By the way, the guy who rented me the equipment was right. Perhaps not about the “you won't get completely lost” part, but on the “in case you loose track of where you are, you can always go back on your footsteps” bit. God bless! :-D

=== Day 1 - from Latacunga (2800m) to Cotopaxi's south face (4000m) ===

Waiting for a bus in Latacunga (the largest city closet to Cotopaxi) that would take me to Mulaló, a small village closer to the edge of the volcano (check the Google map). Bolívar shows the way to Cotopaxi? No, actually the volcano is in the opposite direction...

Weather, and thus visibility, sucked in the first day!

View from Cotopaxi's south face, at 4000m. You're supposed to see Ecuador's "avenue of volcanoes" from here, but only clouds that day...
=== Day 2 - from Cotopaxi's south face to somewhere in the northeast face! ===

View of Cotopaxi from the south face. The day started with mixed weather prospects - relatively clear at the top, but quite cloudy at lower altitude, meaning those clouds would sooner or later move up... I decided to continue with the hike, nonetheless
It's quite easy to keep sense of direction while climbing a volcano - after all, there is one obvious reference, right? The tricky thing is that the mountain is rich in deep canyons like this one, where lava used to flow when the volcano was still active. Unless you cross them close to the crater, where they start and thus are much less deep, these canyons are often just... impassable!

Still in the south face, facing... one of those canyons!

The deep canyon of a few pictures above becomes surmountable closer to the snow-capped peak. This is where you can cross it from left to right, climb further up and finally negotiate the high-mountain passage just by the glacier, to move on from the south to the east face of Cotopaxi (the high-mountain passage is further up, to the right, behind the black rocks - not visible in the photo)
Already in the east face of the vulcano, but with lousy weather that didn't allow me to see much beyond lunar-like landscape. The terrain close to the snow-capped peak (at around 5,000m) is relatively flat, making it more or less easy to navigate. The problem is when you try to go a little bit further up or down...

Yep, as expected from the morning outlook, the weather got completely closed and rain came in

Very optimistic after coming downhill in the east face of the volcano. The weather was a bit better, and, from the map, it was supposed to be just a few hours walk until I could find a decent trek again

Damn canyon! You cannot see it here all the way to its bottom, but it was a few hundred meters deep. I could not find a way of crossing it, or understand exactly where in the map (or sort of map I had - see below) I was. The alternative was to climb up the mountain again (around 2h, for sure!) and try to cross the canyon further up. That sounded a bit risky, as in addition to not knowing exactly where I was, from the look of the 2 other canyons ahead the same could happen again (i.e., having to move up and down in search for a crossing), what would mean up to half-day of precious hiking time...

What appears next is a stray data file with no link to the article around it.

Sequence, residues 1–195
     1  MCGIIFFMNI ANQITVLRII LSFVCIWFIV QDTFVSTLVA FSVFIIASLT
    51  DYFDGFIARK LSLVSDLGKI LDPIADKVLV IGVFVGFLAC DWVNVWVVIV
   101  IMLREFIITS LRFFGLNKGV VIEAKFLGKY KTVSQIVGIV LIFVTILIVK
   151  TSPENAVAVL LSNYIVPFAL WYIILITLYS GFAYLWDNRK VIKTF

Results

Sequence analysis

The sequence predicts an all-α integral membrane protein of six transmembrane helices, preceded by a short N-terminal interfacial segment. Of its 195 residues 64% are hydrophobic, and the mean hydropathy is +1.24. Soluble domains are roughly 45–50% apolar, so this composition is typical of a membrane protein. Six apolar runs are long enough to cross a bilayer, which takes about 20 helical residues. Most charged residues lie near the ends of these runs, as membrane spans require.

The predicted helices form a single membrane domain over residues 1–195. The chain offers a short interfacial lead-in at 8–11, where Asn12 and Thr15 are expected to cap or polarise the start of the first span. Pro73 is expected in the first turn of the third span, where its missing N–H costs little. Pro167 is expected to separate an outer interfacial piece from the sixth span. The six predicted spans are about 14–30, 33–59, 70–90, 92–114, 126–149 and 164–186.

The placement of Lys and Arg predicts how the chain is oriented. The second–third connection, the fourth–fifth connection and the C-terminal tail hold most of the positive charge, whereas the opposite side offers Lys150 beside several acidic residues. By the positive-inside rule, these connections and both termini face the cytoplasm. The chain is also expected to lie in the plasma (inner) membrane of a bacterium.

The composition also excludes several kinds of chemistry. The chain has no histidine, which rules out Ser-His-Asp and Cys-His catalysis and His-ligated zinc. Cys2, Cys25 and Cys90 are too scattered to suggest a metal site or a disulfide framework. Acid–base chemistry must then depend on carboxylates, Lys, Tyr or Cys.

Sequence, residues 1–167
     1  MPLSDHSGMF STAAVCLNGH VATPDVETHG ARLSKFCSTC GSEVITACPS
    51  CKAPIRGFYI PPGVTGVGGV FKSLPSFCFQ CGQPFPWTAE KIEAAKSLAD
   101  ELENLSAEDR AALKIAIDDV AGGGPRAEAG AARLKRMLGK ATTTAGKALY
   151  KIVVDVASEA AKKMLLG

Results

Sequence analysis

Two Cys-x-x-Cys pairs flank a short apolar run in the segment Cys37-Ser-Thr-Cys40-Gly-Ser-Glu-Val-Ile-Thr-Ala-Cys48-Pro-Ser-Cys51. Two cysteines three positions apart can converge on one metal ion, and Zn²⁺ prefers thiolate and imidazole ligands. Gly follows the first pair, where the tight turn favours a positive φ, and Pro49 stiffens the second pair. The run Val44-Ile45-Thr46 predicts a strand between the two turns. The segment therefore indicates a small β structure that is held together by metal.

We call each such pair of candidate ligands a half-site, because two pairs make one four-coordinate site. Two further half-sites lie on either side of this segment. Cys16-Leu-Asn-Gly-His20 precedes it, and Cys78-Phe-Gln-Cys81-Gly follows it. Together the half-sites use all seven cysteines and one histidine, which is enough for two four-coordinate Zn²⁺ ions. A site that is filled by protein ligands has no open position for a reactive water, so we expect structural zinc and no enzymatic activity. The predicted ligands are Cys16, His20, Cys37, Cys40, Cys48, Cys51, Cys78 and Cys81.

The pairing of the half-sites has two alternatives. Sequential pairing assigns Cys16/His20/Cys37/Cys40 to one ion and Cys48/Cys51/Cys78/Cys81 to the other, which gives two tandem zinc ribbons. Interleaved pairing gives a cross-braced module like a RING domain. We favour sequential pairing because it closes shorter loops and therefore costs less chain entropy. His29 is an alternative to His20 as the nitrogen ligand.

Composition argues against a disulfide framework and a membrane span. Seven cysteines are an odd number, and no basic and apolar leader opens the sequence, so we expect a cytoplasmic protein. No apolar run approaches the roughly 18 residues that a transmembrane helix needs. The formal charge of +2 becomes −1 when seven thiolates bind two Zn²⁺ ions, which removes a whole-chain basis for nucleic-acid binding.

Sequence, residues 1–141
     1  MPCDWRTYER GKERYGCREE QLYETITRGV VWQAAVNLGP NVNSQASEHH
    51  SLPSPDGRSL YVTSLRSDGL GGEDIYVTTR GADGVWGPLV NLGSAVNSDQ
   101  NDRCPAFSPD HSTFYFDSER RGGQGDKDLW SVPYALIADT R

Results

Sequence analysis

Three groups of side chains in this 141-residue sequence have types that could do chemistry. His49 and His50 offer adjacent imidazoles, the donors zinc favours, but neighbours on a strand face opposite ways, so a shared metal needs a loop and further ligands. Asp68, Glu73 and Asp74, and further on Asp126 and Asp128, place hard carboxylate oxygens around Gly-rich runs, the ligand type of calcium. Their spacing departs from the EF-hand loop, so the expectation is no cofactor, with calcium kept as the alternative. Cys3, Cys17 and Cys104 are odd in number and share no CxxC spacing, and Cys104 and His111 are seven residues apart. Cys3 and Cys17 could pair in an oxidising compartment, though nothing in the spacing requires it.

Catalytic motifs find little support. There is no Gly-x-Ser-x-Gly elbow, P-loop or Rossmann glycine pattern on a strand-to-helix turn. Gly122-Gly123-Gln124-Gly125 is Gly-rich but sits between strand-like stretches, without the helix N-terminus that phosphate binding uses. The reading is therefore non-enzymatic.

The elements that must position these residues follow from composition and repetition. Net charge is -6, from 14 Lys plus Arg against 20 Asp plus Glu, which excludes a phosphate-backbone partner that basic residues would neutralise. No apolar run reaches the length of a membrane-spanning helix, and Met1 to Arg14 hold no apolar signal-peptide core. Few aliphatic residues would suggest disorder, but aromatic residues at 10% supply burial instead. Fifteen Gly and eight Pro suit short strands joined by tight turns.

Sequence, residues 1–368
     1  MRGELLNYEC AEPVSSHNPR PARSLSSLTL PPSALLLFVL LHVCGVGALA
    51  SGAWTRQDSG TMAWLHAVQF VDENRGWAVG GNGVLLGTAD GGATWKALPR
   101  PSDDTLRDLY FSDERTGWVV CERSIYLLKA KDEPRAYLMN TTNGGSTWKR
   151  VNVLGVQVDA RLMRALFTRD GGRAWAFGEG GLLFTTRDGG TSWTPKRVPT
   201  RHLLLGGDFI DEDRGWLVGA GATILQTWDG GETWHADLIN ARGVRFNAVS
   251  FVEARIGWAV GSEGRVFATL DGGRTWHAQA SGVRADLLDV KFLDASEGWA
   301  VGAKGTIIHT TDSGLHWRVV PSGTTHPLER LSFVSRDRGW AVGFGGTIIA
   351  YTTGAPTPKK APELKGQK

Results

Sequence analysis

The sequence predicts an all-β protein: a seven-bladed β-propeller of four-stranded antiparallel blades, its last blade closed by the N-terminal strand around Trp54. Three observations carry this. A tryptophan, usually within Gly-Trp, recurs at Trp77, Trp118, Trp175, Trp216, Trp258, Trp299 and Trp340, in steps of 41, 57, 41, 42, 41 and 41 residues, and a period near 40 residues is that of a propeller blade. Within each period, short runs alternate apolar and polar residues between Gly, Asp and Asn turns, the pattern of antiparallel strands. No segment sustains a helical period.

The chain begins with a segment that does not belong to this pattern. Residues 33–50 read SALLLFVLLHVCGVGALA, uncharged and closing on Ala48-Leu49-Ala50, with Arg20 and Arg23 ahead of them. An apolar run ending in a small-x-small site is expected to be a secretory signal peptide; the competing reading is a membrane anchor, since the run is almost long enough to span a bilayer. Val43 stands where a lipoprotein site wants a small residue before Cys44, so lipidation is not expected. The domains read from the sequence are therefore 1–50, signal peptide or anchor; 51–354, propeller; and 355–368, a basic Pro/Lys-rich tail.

You cannot find a proper, detailed and navigation-oriented map of Cotopaxi anywhere near Cotopaxi, only in Quito - this was the best I could get. I thought having the volcano's crater as a reference would be enough to compensate for the shortcomings of this map, but ended up getting stuck somewhere between "Cerro Chiguilasin Chico" and the deer antlers sign in the map. From there, it was completely impossible to anticipate steep cliffs through level-curves, or even identify exactly in the map where I was due to the lack of detail. Very helpful indeed...
After 3 hours going up and down the cliff, trying (and not being able) to find a way to cross the canyon, it started raining again. I had been walking for 7 hours non-stop, was bloody exhausted, and decided to call it for the day. Setting up the tent and trying to have some rest at... 3.30 pm!

The weather cleared up a bit at the end of the day (and the night was spotless, with a clear sky full of stars, without any artificial light around to ruin the view). After considering my options, and being already half-way through the planned time for the hike (and the food I had with me), I decided to go back on the following day
=== Day 3 - from somewhere in the northeast face back to Latacunga ===

Back to higher up in the mountain, reversing my steps of the previous two days. This time, with much better weather... and views!

Back in the south face of the volcano. After talking, on my return to Latacunga, with the mountain guide who had rented me the camping equipment, I understood where my mistake was: after crossing the high-mountain passage that allows you to move from the south to the east face of the volcano (behind the rocky peak, to the right of the photo), I had two small trails to choose from, one further up and another further down; I took the wrong one... in the morning of day 2! It would have been useful to know that back then, right?

The weather got worse again, later in the day. View of Cotopaxi from much further down - at around 3,000m - when I was already far on my way back to Latacunga

End of the walk. Wasn't too bad to catch a ride to run the last couple of km to Mulaló - I had been walking non-stop for 7 hours. For the second consecutive day...

Wednesday, 22 July 2009

Political marketers: one idea

(Friday, 17 July 2009)